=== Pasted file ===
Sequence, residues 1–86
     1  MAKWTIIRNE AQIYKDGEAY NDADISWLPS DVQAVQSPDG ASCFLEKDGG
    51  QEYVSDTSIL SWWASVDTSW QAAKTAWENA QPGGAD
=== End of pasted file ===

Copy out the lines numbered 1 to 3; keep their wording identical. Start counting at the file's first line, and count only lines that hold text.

Sequence, residues 1–86
     1  MAKWTIIRNE AQIYKDGEAY NDADISWLPS DVQAVQSPDG ASCFLEKDGG
    51  QEYVSDTSIL SWWASVDTSW QAAKTAWENA QPGGAD